The litany of complaints against the International Monetary Fund is long: it has failed to prevent financial crises; it has imposed austerity programmes on poor countries; it is the plaything of the US Treasury.
Above all, in a globalised world, it has yet to find a useful role for itself. The criticisms hurt all the more for being true. Set up more than 60 years ago as an institution that would smooth out balance-of-payments problems between countries operating fixed exchange rate systems, the IMF has mooched around for decades trying to work out what it should be doing now that most countries, in the West at least, have floating exchange rates. To adapt the words of Dean Acheson about Britain: "The IMF has lost an empire, but has not yet found a role."
Rodrigo de Rato, the IMF's managing director, wants to change all that.
After years of dithering by management, de Rato thinks he has a blueprint for the future; one that takes the IMF back to its roots. It is not a development agency, he says; it should not be a Mark 2 World Bank. This is smart thinking and it has the broad support of policy makers. When de Rato announced at the IMF'S meeting in April that he wanted it to concentrate on multilateral surveillance in order to help sort out global economic imbalances, the news broke on the 60th anniversary of the death of Maynard Keynes, one of the IMF's founding fathers. According to Mervyn King, the governor of the Bank of England, the IMF is going back to Keynes' original vision - and a good thing too.
But the scale of the challenge facing de Rato is considerable and was demonstrated when he outlined his plans to a small gathering at the Treasury in London in July. One participant told de Rato in no uncertain terms that the accumulation of vast reserves by central banks in Asia was a "colossal vote of no confidence in the IMF". There was a sense in Asia that its intervention during the crisis of 1997-98 was deeply unfair: "A Western-dominated institution put them through the wringer and they have built up reserves so that the IMF can never wield the same sort of influence again."
The critique encapsulates the problem. The global imbalances are the result, primarily, of the US spending too much and Asia saving too much.
They pose a real threat to global stability, because the US cannot go on living beyond its means for ever. There is a nice way and a nasty way to approach the problem: the nasty way would involve a flight out of the dollar, a world recession and the return of protectionism. The nice way, the way favoured by de Rato, is multilateral surveillance, a process whereby the IMF would get all the key people around the table and tell them what is going wrong and what each country needs to do in order to fix things.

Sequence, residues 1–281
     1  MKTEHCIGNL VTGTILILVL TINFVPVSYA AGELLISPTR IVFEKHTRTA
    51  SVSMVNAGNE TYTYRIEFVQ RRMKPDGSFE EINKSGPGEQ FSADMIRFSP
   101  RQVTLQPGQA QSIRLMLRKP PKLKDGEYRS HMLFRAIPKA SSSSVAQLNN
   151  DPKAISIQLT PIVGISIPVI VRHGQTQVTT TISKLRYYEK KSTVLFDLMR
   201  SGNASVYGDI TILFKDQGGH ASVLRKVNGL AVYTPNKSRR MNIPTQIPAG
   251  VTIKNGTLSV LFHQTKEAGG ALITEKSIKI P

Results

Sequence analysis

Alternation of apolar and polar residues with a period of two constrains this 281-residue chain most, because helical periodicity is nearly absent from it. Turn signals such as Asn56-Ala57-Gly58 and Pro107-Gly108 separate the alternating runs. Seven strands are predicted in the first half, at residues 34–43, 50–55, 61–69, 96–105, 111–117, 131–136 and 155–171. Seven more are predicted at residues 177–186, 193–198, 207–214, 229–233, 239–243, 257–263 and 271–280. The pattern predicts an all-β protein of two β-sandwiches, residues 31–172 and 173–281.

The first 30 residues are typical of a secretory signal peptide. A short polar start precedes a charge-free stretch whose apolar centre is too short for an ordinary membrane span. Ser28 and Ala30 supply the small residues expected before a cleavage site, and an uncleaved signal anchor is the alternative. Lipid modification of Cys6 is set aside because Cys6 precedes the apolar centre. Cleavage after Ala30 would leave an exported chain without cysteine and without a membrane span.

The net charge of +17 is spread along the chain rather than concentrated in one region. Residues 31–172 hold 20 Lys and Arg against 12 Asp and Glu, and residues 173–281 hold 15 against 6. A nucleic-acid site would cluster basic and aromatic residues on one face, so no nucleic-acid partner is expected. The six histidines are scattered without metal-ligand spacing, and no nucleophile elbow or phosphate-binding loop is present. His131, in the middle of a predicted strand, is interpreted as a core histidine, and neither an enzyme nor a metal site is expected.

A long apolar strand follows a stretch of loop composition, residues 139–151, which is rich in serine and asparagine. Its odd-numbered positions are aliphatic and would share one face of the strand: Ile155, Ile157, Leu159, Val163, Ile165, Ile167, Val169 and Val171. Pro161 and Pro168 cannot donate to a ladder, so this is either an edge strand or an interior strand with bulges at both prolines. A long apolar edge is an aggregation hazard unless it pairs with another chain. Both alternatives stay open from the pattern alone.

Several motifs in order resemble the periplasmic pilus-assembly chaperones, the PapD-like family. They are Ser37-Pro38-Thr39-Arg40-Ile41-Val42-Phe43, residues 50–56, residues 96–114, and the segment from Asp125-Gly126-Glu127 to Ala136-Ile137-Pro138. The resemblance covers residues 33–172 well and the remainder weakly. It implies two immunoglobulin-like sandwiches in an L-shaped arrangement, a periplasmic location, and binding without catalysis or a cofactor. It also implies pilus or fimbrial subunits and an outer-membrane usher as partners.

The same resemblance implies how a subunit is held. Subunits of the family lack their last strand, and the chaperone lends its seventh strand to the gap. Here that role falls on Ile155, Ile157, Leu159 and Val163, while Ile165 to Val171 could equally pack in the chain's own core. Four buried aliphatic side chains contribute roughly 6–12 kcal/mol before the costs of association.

Member countries, it is hoped, would be more prepared to alter their policy stance collectively than if they thought they were being asked to take unilateral action.
This, though, presupposes that the IMF's judgment is trusted. It has considerable expertise when it comes to macroeconomic analysis; its half-yearly World Economic Outlook gives a clear and frank exposition of the state of play. But it would wield far more influence, especially in Asia, if it represented the global economy as it is today rather than as it was at the end of the Second World War. It is absurd that Belgium has greater voting power at the IMF than Brazil or India, and de Rato knows it.
The solution is obvious: developing countries have to be given greater voting power so that their voice is better heard. Yet this is a zero-sum game: more power for China, India and Brazil means less power for somebody else, especially the smaller European countries. At the moment, de Rato is going for a cautious, two-stage strategy, in which the lack of power for the bigger developing countries is sorted out first and the demands of smaller developing countries are put off to another time.
Changing the way the IMF is run is a necessary but not sufficient condition for the new institution de Rato wants to create. He is aware that the financial markets play a crucial role in the new global age; the question is how to manage them. Keynes' IMF had fixed exchange rates and capital controls. The IMF of de Rato will have to rely on transparency, persuasion and luck to unravel the global imbalances. Especially luck.
- Larry Elliott is economics editor of the Guardian.